* Johnson's Life of Dryden,

wanted before; or rather he imported only the say he ever had a fit subject for his wit, and did not materials, and manufactured them by his own then raise himself as high above the rest of poets, skill.

Quantum lenta solent inter viburna cupressi. The Dialogue on the Drama was one of his first

The consideration of this made Mr Hales of Eton essays of criticism, written when he was yet al timorous candidate for reputation, and therefore say, that there was no subject of which any poet ever laboured with that diligence, which he might allow

writ, but he would produce it much better done in himself somewhat to remit, when his name gave

Shakspeare; and however others are now generally sanction to his positions, and his awe of the public

preferred before him, yet the age wherein he lived,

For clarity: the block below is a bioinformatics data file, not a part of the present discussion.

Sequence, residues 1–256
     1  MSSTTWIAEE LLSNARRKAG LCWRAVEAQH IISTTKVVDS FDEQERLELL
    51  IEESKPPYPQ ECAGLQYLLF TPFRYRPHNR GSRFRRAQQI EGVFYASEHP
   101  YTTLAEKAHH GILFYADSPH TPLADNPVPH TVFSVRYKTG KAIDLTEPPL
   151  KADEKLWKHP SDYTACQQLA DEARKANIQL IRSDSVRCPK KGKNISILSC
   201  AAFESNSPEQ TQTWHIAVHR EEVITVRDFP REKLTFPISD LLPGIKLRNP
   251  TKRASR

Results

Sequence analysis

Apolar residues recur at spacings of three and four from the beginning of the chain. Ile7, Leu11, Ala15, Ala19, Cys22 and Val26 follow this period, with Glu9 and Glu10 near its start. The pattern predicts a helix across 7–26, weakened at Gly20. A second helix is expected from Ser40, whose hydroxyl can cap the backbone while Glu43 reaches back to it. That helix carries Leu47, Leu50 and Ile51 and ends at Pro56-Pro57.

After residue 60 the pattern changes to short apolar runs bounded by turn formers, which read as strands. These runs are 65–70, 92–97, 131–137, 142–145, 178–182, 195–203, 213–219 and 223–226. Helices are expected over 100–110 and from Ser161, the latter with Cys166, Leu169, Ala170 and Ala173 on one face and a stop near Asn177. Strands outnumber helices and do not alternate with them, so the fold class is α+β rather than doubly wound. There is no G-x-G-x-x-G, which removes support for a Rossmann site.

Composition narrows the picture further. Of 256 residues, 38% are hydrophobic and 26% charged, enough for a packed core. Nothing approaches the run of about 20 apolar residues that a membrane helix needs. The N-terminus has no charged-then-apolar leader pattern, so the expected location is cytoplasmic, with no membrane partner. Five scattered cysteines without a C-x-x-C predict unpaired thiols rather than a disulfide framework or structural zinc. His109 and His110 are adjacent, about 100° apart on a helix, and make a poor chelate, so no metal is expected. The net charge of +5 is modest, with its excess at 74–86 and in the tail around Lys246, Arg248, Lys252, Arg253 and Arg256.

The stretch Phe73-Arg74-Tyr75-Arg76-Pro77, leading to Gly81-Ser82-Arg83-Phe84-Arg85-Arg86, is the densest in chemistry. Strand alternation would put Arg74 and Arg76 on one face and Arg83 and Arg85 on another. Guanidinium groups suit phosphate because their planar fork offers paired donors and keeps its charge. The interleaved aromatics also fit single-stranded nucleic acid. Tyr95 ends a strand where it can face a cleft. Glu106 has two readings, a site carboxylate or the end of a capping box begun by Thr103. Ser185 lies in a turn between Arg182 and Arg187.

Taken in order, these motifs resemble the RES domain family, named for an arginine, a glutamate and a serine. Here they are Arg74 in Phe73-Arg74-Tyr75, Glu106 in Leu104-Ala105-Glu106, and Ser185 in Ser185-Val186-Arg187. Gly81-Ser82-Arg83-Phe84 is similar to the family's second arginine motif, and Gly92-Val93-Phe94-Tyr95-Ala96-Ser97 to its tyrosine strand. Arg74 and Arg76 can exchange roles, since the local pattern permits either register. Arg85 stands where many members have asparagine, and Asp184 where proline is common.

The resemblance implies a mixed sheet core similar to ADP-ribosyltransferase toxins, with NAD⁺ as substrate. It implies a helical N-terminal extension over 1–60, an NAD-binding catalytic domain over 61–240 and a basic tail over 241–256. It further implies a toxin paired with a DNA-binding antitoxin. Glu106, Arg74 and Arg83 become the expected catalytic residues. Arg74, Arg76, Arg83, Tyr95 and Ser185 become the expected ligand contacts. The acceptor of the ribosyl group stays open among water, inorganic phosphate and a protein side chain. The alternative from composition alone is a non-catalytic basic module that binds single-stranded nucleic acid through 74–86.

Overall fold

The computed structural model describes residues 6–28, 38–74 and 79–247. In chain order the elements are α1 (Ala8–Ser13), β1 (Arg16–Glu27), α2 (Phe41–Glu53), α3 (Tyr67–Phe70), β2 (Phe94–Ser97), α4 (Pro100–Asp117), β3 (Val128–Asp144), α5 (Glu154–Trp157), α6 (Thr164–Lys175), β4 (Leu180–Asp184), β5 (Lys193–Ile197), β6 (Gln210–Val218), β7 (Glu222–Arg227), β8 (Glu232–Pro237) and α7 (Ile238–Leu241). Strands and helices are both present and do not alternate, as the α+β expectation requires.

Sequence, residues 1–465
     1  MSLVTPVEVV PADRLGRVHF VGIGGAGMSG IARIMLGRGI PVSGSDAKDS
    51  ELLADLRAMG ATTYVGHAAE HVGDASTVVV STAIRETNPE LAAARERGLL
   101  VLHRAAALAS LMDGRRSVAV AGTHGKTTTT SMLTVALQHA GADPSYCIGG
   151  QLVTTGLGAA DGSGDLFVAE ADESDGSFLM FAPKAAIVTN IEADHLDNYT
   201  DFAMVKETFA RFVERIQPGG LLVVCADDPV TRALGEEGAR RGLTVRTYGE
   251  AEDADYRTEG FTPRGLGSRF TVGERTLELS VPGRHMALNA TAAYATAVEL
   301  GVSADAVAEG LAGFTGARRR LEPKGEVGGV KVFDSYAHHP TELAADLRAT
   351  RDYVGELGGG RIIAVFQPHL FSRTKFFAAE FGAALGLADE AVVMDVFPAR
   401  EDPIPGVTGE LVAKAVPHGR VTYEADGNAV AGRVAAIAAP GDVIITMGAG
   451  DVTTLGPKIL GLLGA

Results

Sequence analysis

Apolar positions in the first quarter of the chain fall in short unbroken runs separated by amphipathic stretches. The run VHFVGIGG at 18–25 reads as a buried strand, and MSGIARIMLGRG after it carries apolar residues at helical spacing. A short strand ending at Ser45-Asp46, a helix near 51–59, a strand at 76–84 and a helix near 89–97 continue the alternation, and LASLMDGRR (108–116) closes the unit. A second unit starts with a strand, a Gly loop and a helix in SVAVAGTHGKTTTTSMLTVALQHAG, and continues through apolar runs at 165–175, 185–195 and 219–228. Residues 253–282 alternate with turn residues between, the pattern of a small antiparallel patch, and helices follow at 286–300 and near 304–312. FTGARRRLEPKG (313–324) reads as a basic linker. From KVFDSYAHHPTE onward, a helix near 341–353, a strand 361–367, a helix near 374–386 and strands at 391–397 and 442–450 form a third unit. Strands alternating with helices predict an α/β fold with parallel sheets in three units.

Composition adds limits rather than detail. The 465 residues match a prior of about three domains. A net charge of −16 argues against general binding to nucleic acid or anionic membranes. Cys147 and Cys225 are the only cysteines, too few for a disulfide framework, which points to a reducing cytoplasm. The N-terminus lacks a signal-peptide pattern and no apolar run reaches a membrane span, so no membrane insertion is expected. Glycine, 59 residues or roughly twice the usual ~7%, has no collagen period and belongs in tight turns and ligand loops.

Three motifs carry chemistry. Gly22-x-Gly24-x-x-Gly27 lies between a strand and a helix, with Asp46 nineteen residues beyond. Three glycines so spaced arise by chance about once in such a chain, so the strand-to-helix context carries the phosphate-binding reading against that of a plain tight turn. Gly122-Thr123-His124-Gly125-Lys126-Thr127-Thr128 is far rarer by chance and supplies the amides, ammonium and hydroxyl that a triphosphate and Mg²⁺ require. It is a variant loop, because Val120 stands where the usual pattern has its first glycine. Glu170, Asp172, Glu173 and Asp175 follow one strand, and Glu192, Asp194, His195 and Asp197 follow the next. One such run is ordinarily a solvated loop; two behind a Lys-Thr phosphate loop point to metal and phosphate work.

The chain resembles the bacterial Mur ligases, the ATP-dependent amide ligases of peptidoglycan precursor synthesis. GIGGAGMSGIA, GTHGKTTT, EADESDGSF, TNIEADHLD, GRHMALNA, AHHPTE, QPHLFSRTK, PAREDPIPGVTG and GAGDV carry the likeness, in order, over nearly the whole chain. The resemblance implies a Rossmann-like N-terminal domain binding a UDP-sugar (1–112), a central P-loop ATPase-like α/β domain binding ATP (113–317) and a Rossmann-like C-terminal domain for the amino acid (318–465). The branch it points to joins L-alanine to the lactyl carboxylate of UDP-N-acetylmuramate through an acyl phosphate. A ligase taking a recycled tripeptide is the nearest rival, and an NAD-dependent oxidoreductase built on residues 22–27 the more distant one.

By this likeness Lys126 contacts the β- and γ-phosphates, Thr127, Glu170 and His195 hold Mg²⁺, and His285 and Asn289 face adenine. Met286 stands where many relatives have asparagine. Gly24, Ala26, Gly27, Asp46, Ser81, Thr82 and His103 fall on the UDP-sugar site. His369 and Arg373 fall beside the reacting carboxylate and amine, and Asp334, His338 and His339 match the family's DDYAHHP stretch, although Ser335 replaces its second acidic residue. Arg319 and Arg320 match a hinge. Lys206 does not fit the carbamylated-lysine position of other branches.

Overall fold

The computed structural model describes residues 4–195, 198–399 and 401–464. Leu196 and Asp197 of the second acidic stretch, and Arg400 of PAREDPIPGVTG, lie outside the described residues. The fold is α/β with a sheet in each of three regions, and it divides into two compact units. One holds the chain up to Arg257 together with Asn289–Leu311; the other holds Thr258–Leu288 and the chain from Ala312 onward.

which had contemporaries with him Fletcher and was abated, partly by custom and partly by success.

Jonson, never equalled them to him in their esteem. It will not be easy to find, in all the opulence of our

And in the last king's court, when Ben's reputation language, a treatise so artfully variegated with suc

was at highest, Sir John Suckling, and with him the cessive representations of opposite probabilities, so

greater part of the courtiers, set our Shakspeare far enlivened with imagery, so brightened with illus

above him, trations. Ilis portraits of the English dramatists are wrought with great spirit and diligence. The